FRAN: Definitely, although I certainly hope it’s not too obvious. There are a number of experiences that are just too good or too important not to share. In my Biscuit McKee mysteries, for instance, I created a character who was bipolar and used my experiences growing up with my sister, whose bipolar disorder had not then been diagnosed. I see it as part of my responsibility as a writer to educate gently about such issues, so I include suicide prevention, long-term effects of abuse, and other such social issues in each of my Biscuit McKee mysteries. I also give toll-free numbers and websites in a resource list at the end of each book.
In the ScotShop mysteries, I drew heavily on my experiences having seen three ghosts (the first when I was in my early twenties and the next two when I visited London in my thirties). The way in which Peggy is able to see through the otherwise substantial Dirk is a direct description of how I saw a wall in the Tower of London through the green dress of a female ghost.
Peggy’s almost juvenile anger at Dirk’s constant proximity in the second ScotShop book, A WEE DOSE OF DEATH, is based on a very low time of my life, while the almost lyrical death scene of the elderly Wallace Masters in INDIGO AS AN IRIS, my 5th Biscuit McKee mystery, nearly duplicates the gentle death of my father as I experienced it sitting beside him.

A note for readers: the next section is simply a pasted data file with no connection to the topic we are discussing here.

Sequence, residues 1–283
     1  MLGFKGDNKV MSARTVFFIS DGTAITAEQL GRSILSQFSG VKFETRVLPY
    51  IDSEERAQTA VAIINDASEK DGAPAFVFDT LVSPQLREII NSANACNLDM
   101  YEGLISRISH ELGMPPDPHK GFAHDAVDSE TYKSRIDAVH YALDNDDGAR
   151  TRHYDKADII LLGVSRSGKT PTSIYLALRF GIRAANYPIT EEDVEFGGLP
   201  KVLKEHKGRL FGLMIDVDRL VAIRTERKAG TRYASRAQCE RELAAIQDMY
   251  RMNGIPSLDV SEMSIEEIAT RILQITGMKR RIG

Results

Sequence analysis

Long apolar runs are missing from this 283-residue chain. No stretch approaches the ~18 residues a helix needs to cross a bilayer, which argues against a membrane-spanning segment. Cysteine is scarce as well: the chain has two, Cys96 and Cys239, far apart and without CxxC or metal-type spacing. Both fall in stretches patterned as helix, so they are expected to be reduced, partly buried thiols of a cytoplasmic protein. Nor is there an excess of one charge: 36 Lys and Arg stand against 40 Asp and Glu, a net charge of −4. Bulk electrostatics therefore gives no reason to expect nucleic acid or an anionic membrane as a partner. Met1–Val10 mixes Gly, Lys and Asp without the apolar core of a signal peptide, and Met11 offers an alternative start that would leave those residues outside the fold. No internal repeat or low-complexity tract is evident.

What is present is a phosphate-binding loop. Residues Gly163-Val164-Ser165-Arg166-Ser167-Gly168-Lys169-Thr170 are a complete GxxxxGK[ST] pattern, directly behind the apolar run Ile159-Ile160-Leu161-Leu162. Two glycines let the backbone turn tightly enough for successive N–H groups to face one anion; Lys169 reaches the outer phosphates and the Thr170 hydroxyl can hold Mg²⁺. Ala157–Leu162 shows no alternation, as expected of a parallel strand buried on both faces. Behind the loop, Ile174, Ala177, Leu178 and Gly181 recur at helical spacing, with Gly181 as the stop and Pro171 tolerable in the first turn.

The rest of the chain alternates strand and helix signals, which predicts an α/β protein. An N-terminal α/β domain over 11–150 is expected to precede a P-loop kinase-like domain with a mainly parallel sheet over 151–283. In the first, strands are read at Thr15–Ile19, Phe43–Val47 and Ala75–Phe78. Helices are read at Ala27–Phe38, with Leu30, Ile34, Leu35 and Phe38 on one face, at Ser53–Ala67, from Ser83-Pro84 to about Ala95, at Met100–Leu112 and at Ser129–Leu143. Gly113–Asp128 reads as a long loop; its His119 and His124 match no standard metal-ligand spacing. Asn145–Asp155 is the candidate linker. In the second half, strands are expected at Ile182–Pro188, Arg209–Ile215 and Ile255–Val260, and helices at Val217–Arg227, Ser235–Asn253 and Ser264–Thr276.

Ally: What is your next writing project and when will it be available?
FRAN: WHITE AS ICE, summer 2017
All seven of my Biscuit McKee mysteries so far have been set in the fictional town of Martinsville, which was founded in 1745. Everybody knows Homer Martin was the founder, but nobody knows the real story -- until the biggest ice storm of the century hits Martinsville and 20 people take refuge in Biscuit and Bob’s big old rambling house, which is heated by a woodstove. The men all stay in the kitchen playing cards, while the women head up to the crowded attic and begin going through old trunks and hatboxes, exploring dim corners, and searching through armoires. When they find a diary written by Mary Frances, whom everyone knows was the wife of Homer Martin, they uncover the biggest mystery of them all. And of course, as with any mystery, there are a few dead bodies strewn here and there.
Ally: Let's try a few short answer questions.